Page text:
A white blood cell index as the main prognostic factor in t(8;21) acute myeloid leukemia (AML): a survey of 161 cases from the French AML Intergroup

Stéphanie Nguyen, Thierry Leblanc, Pierre Fenaux, Francis Witz, Didier Blaise, Arnaud Pigneux, Xavier Thomas, Françoise Rigal-Huguet, Bruno Lioure, Anne Auvrignon, Denis Fière, Josy Reiffers, Sylvie Castaigne, Guy Leverger, Jean-Luc Harousseau, Gérard Socié and Hervé Dombret


While the t(8;21) translocation is one of the most recurrent chromosomal abnormalities in acute myeloid leukemia, prognostic studies have been hampered by the relatively few number of patients reported. We thus performed a large retrospective study in 161 adults and children with t(8;21) acute myeloid leukemia, all prospectively enrolled in 6 different trials conducted in France between 1987 and 1998 (median follow-up 4.9 years). Prognostic studies were performed in the 154 patients who achieved a complete remission. Individual data were registered, including sex, age, blood and marrow counts, extramedullary disease, and cytogenetics. The value of allogeneic stem cell transplantation versus chemotherapy as postremission therapy was evaluated according to the intent-to-treat principle. Estimated 5-year disease-free survival (DFS) and overall survival were 52% and 59%, respectively. Outcome was not significantly better in patients from the stem cell transplantation group (estimated 5-year DFS and survival, 56% vs 52% and 67% vs 57%; P = .55 and .64, respectively). White blood cell count (WBC) was the only identified prognostic factor. To further take into account the spontaneous differentiation potential of the leukemic clone, a WBC index was derived as the product of WBC by the ratio of marrow blast. This WBC index was a more powerful factor than the original WBC, allowing us to distinguish 3 subgroups of patients with different outcomes (low index, < 2.5; intermediate index, 2.5-20; high index, 20 or more). In multivariate analysis, the WBC index was the only prognostic factor for DFS (P = .003), complete remission duration (P = .002), and overall survival (P = .04).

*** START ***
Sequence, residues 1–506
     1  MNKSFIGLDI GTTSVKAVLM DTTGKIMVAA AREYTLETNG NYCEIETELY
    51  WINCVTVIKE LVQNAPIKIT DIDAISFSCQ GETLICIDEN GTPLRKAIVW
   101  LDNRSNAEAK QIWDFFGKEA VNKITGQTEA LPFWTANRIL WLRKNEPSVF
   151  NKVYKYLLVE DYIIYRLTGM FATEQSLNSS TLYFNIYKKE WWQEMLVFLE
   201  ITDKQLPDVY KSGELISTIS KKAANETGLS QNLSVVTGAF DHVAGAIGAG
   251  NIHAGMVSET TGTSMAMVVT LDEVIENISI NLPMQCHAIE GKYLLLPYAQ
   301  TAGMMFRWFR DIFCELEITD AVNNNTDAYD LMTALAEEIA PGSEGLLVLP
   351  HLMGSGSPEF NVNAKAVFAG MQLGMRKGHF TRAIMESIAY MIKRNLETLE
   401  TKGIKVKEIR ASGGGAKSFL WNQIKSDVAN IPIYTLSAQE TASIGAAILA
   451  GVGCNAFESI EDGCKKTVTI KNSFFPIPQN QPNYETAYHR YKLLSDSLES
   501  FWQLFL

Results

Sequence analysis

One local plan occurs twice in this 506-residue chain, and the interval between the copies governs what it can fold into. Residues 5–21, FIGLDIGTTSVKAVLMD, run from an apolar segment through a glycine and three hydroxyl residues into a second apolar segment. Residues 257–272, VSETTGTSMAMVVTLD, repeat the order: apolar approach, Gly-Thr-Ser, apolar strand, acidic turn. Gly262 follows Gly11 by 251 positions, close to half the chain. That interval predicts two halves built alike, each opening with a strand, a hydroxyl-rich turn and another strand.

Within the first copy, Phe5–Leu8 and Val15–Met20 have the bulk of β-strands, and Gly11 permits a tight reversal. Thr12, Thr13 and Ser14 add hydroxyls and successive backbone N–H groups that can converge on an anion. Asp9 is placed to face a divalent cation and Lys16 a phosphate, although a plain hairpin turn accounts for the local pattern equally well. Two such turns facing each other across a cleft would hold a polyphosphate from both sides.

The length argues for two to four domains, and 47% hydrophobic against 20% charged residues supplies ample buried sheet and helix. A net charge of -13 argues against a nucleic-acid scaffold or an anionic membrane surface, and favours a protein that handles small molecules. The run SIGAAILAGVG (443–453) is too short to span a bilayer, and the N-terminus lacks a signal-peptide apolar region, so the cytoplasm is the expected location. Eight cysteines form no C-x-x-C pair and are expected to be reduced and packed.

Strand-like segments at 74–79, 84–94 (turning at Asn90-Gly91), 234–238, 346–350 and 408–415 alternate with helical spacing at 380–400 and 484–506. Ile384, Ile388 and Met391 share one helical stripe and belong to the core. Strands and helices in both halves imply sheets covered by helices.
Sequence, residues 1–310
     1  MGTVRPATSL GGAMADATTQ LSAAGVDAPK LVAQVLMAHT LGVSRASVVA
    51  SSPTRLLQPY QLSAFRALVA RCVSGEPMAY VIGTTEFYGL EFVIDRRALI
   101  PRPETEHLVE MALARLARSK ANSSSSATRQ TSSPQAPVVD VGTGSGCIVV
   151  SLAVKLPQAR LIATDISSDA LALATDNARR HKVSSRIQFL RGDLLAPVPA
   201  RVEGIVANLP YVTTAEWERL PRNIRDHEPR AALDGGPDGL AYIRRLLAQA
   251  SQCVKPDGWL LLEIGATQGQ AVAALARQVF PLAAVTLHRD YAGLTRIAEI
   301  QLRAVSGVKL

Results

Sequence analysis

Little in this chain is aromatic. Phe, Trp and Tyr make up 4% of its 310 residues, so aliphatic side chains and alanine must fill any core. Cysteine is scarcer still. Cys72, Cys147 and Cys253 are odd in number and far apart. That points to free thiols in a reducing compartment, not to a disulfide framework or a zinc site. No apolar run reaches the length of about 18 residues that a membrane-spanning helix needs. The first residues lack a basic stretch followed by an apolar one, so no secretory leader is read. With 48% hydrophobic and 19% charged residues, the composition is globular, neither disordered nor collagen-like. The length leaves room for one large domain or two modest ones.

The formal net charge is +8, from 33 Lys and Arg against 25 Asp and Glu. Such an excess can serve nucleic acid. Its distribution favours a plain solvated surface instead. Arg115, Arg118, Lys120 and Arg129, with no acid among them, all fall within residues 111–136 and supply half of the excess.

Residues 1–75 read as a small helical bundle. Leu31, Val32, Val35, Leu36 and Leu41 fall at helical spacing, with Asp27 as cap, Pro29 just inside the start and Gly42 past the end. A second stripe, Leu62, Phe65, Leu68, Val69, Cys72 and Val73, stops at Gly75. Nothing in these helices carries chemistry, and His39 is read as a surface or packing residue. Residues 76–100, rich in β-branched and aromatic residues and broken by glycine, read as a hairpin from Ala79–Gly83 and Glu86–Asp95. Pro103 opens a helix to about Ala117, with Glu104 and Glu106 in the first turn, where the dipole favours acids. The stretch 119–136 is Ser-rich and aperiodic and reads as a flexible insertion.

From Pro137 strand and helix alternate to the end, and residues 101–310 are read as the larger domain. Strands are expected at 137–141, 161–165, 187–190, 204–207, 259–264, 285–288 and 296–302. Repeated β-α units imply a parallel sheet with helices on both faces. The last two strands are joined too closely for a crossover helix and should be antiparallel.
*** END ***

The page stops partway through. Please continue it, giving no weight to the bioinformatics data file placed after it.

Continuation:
• Submitted September 24, 2001.
  • Accepted January 3, 2002.
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